Editor’s note: This review was originally published at the 2019 Sundance Film Festival. Sony Pictures Classics releases the film on Friday, August 9.
There’s a scene in Danish director Susanne Bier’s 2006 “After the Wedding” where one of the main characters, facing a terrible revelation, melts into tears and heaves an ocean of sobs. The same waterworks land on schedule in the 2019 English-language remake, which swaps the genders of the main characters but doesn’t mess with its melodramatic swings. By the time Julianne Moore cries her eyes out, “After the Wedding” has already established that its biggest update is a new set of faces embracing the opportunity to showboat.
They do their best with a faithful adaptation that maintains sufficient intrigue for its first half, thanks to a series of gradual revelations that distinguished the original. Bart Freundlich gives wife and frequent collaborator Moore plenty of room to dig in, and she’s matched by a formidable Michelle Williams, who tackles a role originated by Mads Mikkelsen. As Isabel, a low-key woman who runs an orphanage in India, Williams spends much of the movie mystified, angry, and repelled by affluent entrepreneur Theresa (Moore), while Billy Crudup splits the difference between them with a measured turn as Moore’s husband, Oscar. The actors work overtime to mine substance from an overwrought scenario.
Still, “After the Wedding” amounts to easy viewing, strung together with a smooth visual style and the script’s workmanlike pace. Having established Isabel’s tranquil existence at the Indian orphanage, the movie establishes its first big twist when she receives a random call from Theresa, a New York-based media mogul who demands Isabel visit her to discuss a multimillion-dollar investment in the orphanage’s future. The mystery of that abrupt offer leads Isabel to confront her past in most unexpected fashion (unless you’re seen the original).
While reticent to leave the child she has nurtured from a young age, Isabel begrudgingly makes the trip, and finds herself in an unpredictable situation once she makes it out west: The fast-talking Theresa resists her prior commitment to make a donation until Isabel sticks around for the weekend to attend the marriage of the would-be patron’s daughter, Grace (Abby Quinn). There, Isabel makes a shocking discovery that takes the drama in a far more personal direction, and anyone hoping to preserve that revelation should stop here — but know that it’s not the only big twist that this schematic emotional rollercoaster has in store.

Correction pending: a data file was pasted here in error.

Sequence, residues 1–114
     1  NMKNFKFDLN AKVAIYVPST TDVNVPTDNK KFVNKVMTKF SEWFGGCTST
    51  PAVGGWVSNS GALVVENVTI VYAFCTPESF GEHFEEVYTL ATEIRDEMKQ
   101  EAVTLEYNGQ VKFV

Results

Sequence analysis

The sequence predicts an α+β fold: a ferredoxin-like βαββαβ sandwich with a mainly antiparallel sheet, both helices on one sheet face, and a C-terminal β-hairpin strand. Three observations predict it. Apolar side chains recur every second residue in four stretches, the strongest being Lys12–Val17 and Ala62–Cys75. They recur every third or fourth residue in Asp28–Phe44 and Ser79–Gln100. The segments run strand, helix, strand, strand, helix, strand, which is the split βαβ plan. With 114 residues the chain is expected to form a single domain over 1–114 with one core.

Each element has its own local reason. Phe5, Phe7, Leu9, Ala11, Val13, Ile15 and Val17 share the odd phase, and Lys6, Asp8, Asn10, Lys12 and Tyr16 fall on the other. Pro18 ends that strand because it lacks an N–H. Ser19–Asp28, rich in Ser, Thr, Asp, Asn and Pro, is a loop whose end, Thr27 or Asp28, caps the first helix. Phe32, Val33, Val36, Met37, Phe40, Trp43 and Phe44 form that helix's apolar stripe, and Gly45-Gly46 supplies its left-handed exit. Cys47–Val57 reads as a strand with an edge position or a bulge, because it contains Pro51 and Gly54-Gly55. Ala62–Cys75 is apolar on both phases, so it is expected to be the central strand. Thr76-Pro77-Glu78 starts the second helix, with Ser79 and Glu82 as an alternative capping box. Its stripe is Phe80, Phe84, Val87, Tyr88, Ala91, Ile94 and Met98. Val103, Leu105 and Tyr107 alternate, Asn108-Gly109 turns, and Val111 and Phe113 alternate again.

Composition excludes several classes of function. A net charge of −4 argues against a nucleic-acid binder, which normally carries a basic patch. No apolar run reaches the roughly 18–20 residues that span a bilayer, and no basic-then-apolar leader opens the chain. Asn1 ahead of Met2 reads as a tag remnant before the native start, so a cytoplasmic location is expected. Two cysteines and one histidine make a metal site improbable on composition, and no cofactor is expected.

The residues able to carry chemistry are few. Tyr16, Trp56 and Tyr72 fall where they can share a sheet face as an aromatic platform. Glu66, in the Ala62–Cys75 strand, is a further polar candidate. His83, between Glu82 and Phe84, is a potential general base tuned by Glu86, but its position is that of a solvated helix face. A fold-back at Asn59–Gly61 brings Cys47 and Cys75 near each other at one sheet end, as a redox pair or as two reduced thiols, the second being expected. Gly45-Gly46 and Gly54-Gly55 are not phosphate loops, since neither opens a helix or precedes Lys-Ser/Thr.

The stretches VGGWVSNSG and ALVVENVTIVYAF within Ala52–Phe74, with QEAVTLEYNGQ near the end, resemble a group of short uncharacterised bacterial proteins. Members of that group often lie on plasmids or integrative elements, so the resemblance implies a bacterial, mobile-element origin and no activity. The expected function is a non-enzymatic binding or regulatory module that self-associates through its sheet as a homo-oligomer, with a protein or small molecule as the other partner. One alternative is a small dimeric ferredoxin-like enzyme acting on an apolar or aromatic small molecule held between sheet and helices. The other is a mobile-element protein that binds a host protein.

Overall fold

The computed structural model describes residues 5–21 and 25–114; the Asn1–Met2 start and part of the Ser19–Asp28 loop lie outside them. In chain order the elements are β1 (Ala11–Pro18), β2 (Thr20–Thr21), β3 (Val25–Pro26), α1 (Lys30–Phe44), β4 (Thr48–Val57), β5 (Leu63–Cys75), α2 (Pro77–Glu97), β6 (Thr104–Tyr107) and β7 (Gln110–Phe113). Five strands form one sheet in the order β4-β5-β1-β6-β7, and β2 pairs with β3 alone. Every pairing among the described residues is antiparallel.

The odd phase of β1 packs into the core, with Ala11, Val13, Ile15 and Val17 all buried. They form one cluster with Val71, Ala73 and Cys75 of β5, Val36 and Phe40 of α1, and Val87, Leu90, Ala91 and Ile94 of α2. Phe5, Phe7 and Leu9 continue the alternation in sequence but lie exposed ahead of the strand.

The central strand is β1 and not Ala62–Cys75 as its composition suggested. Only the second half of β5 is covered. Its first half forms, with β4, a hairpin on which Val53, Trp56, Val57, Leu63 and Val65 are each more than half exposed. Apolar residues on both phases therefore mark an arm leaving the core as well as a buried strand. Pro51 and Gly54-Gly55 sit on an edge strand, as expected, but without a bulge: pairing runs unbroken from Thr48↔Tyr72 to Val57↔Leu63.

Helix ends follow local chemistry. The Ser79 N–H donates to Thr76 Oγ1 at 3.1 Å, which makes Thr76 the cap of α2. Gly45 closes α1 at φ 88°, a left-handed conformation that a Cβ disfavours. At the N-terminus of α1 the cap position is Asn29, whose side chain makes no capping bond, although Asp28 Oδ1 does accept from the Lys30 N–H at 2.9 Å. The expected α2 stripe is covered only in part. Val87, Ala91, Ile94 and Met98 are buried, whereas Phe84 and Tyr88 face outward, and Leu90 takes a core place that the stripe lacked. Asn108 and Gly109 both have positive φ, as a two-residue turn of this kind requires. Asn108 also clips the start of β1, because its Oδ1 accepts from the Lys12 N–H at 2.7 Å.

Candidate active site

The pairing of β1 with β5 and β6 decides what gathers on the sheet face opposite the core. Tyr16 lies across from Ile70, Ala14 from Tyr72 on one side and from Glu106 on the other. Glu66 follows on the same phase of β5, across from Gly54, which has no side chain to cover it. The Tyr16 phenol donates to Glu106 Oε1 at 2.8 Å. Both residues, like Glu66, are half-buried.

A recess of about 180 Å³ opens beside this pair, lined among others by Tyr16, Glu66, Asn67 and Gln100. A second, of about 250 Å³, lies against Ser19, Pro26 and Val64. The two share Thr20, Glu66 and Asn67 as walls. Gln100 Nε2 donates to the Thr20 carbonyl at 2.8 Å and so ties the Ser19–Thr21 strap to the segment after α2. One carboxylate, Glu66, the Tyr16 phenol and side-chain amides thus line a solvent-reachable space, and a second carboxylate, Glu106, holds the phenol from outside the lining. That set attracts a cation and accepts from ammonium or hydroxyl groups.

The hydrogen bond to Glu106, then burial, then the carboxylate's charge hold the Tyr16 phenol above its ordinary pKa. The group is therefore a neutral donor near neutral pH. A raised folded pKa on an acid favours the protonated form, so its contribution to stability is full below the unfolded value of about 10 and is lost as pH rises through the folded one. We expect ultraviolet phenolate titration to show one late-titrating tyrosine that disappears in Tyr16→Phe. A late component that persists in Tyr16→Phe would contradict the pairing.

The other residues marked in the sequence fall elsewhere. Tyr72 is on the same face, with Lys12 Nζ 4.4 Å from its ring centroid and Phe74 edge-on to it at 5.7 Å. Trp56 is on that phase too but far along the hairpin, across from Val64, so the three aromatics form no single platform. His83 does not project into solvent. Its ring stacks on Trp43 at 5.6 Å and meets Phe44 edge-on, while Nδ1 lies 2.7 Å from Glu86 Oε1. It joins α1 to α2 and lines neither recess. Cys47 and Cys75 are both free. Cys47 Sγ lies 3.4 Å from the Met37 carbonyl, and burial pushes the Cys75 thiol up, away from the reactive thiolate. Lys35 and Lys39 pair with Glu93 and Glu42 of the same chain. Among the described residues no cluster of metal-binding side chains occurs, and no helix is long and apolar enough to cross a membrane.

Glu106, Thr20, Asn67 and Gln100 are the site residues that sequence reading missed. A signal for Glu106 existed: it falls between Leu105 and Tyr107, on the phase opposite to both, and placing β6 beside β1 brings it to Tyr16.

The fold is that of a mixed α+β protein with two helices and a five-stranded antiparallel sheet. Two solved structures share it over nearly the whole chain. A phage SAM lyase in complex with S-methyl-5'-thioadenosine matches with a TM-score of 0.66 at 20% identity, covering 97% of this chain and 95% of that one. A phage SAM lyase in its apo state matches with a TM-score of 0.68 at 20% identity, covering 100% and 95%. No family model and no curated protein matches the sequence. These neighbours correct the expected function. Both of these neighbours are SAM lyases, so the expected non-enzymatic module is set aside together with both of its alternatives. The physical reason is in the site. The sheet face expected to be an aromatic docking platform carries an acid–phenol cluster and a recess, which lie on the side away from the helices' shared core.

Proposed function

Isabel had a teen romance with Oscar, and while the pair gave their child up for adoption in her infancy, Oscar recovered her after the pair broke up. Grace has been raised to believe her real mother died, and Isabel had no idea that her daughter was raised by her father in the first place. Once all the convoluted pieces of this triangle have been laid out, Freundlich cedes control to Williams as Isabel wrestles with sudden motherhood and whether it comes equipped with immediate responsibilities. Plus: Why did Theresa bring her out here in the first place?
The answer to that question arrives late in the game, and does a disservice to the idea of burgeoning parenthood that makes some of the initial scenes click. At times, Isabel’s disgust for the wealthy surroundings that dominate the family’s world hint at the potential for a dark materialist satire, especially once she confronts Oscar about it. “There are people with money and principles,” she shoots back at him. If only the movie dug more into this philosophical conflict; instead, it hovers in mounting tensions between Theresa and Isabel, who resists the older woman’s desire to finance Isabel’s entire existence until she’s trapped by genuine concern for the future of all concerned parties. There are flashes of subtle resentment to Williams’ performance that register as some of her best work in ages, so it’s unfortunate that the movie’s calculated assemblage of sentimental beats dominate the show.
Of course, there’s an audience for this sort of unapologetic schmaltz, as Bier already proved; viewed on its own terms, the remake does competent lip-service to the original. Like Moore’s recent work in another English-language remake, the endearing shot-for-shot remake of Chilean sensation “Gloria,” Freundlich’s project seemingly alters the material with a major update that should theoretically transform “After the Wedding” into a story of strong-willed women. Instead, it’s a slavish imitation of a story about strong-willed men, with talented women at once outshining the material and highlighting its limitations all over again.
“After the Wedding” premiered at the 2019 Sundance Film Festival.